Use a venn diagram to discuss similarities and differences between the forest biome and the biome in which your students live.

Create Temperate Forest Biome Facts booklets.

  • Generate a list of facts with your students regarding the forest biome.
  • Allow students to individually choose 5 facts, or think of their own facts.
  • Students will write each fact on one page of their booklets and add illustrations.
  • **This project could also be done using Kid Pix software and each child could create their own slide show.

Create a leaf identification book.

Affix real leaves from deciduous trees (or trace leaves from appropriate library books) onto 6" x 9" paper. Children label the name of the tree from which the leaf comes on each page. Stack the pages, create a book cover, punch two holes in the top edge of each page and tie with yarn.

 

Social Studies

Invite a forestry worker to visit your class. Prepare a list of interview questions with your students before the visit.

Go on a field trip to any park with deciduous trees. Sometimes zoos have habitat areas available for touring also.

Locate and label the deciduous forests on a USA/World map. Then visit this site and find some e-mail pals from those regions and ask what life is like in their biome.

 

Math

Create a neighborhood deciduous trees graph. Ask each child to walk through their neighborhood and count all the deciduous trees. Collect the information at school and graph on large chart paper. Add a title and text to the graph.

**Great software for this project is The Graph Club, by Tom Snyder.

Sort and classify leaves. Ask each child to bring to school a collection of leaves dropped from trees. Discuss and sort by attributes, color, shape, size, texture; ask more/less questions; do addition/subtraction problems with the leaves.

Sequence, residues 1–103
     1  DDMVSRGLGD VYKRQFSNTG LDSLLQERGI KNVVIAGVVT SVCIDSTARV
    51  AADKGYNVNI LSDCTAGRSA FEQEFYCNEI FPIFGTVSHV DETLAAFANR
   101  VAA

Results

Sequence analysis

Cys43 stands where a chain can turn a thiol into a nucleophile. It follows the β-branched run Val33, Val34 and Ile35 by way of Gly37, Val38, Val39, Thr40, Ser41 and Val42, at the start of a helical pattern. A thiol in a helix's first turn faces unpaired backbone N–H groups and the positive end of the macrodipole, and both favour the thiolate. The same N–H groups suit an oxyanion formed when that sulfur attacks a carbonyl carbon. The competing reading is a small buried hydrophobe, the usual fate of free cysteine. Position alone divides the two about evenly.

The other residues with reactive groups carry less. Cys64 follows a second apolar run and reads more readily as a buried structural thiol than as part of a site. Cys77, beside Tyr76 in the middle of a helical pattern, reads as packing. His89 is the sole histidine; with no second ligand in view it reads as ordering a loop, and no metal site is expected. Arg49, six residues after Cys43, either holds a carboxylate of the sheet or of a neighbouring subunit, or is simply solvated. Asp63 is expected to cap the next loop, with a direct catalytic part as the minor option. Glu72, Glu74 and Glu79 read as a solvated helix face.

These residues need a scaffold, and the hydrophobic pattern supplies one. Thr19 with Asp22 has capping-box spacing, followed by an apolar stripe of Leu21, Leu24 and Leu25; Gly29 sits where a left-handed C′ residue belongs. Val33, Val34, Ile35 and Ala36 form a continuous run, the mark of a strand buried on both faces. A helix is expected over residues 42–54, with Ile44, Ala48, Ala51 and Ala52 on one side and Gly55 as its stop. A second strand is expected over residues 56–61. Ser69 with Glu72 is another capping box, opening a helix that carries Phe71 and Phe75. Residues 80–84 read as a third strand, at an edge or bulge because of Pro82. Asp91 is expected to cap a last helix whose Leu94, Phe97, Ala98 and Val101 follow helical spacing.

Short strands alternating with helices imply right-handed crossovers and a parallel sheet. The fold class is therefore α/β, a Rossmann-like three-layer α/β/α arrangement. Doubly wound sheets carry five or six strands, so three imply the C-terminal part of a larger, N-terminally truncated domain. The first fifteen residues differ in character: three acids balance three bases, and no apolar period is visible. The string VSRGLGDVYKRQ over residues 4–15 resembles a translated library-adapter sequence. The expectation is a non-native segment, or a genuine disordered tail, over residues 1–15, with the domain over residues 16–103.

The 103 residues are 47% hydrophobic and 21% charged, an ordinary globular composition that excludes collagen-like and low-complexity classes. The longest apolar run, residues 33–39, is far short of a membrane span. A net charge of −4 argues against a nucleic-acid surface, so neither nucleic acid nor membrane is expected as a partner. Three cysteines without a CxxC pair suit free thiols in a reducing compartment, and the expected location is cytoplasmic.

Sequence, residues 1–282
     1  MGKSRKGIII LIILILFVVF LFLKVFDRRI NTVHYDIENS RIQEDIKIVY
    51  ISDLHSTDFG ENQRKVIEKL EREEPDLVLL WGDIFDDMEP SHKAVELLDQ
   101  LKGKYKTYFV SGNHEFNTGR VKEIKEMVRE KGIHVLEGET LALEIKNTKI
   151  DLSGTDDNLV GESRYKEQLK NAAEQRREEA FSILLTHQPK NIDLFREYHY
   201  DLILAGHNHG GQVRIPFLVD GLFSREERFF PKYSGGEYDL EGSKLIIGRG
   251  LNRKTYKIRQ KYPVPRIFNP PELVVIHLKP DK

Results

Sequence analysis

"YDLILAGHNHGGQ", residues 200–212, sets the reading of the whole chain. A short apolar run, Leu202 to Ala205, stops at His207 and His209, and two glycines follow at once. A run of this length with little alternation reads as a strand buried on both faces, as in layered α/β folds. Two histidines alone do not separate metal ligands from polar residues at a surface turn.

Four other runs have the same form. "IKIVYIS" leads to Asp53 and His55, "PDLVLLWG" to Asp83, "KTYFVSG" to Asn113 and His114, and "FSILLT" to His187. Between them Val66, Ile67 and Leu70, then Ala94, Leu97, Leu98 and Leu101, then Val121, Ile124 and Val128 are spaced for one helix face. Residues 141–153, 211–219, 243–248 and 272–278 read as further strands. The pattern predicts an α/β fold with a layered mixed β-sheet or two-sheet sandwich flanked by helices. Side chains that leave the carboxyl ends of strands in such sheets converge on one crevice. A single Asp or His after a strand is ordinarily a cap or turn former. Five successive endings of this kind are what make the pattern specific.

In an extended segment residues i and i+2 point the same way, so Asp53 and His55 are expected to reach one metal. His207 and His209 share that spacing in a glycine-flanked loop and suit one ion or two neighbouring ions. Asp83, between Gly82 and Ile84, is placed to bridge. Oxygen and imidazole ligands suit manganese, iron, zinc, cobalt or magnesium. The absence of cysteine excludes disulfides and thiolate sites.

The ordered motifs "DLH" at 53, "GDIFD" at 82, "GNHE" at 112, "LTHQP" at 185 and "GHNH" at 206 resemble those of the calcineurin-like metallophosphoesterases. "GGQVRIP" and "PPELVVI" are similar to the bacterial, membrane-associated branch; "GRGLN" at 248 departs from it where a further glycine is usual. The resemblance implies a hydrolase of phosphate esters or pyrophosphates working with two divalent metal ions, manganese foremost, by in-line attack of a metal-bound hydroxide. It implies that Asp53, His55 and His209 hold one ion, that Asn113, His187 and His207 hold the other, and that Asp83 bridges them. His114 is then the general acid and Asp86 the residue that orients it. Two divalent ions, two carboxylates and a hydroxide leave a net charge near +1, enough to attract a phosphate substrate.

Art

Create a large collaborative mural of the temperate forest biome. Use a variety of art materials and recycled materials to create a 3-D effect. Include labels and information on the mural.

Gather materials from the park or forest and complete a nature crafts project.

Create a Deciduous Trees Paper Quilt

  • Give each child a 10 x 10" paper square.
  • Students use an art medium to create a tree and label they tree type.
  • Attach all of the tree squares together to make one giant wall hanging.
  • Use adding machine tape for the border around the paper squares.
  • Students make repeating leaf print patterns along the paper strips.
  • Students label their pattern around the quilt so it reads maple-maple- birch-maple-maple-birch-etc.

Make a leaf mobile.

Collect deciduous leaves and flatten between a stack of books for several days. Place the flattened leaves between two layers of wax paper and iron. Cut around the "laminated" leaves, punch a hole, and string the leaves onto yarn. Hang the mobile from the ceiling or across the windows, or as a change across the room.

Do a leaf rubbing.

Arrange leaves on a table "bumpy" side up. Tape the leaves to the table so they do not move around. Lay a thin paper onto of the leaves and rub gently with the side of a crayon. Use different colored crayons for a fall season look.

Create a shoebox diorama of a scene in the forest.

Use paper, clay, plastic animals, etc. Students can then work through the writing process , learning about paragraph formation, as they write a description of their forest scenes.